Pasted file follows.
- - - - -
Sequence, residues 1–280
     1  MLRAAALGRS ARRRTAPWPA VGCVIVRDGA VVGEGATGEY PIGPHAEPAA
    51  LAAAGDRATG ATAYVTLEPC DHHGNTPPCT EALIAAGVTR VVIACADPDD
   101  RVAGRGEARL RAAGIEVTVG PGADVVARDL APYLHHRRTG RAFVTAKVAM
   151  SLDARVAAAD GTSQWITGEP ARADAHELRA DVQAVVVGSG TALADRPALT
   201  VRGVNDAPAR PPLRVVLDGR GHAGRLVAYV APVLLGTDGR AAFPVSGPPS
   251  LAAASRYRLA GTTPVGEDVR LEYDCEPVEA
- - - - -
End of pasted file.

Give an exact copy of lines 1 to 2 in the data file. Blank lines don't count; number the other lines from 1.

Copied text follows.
Sequence, residues 1–280
     1  MLRAAALGRS ARRRTAPWPA VGCVIVRDGA VVGEGATGEY PIGPHAEPAA